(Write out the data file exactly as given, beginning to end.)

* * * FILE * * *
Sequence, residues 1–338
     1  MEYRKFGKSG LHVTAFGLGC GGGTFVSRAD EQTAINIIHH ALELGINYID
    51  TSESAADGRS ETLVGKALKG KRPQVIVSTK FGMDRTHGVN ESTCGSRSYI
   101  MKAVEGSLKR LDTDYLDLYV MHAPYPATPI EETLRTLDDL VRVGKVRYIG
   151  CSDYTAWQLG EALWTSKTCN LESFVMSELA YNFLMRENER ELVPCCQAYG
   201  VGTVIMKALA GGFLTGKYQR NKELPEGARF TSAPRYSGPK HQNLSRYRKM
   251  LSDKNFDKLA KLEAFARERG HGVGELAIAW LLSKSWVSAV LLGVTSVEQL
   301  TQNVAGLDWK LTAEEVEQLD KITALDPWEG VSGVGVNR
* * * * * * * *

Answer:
Sequence, residues 1–338
     1  MEYRKFGKSG LHVTAFGLGC GGGTFVSRAD EQTAINIIHH ALELGINYID
    51  TSESAADGRS ETLVGKALKG KRPQVIVSTK FGMDRTHGVN ESTCGSRSYI
   101  MKAVEGSLKR LDTDYLDLYV MHAPYPATPI EETLRTLDDL VRVGKVRYIG
   151  CSDYTAWQLG EALWTSKTCN LESFVMSELA YNFLMRENER ELVPCCQAYG
   201  VGTVIMKALA GGFLTGKYQR NKELPEGARF TSAPRYSGPK HQNLSRYRKM
   251  LSDKNFDKLA KLEAFARERG HGVGELAIAW LLSKSWVSAV LLGVTSVEQL
   301  TQNVAGLDWK LTAEEVEQLD KITALDPWEG VSGVGVNR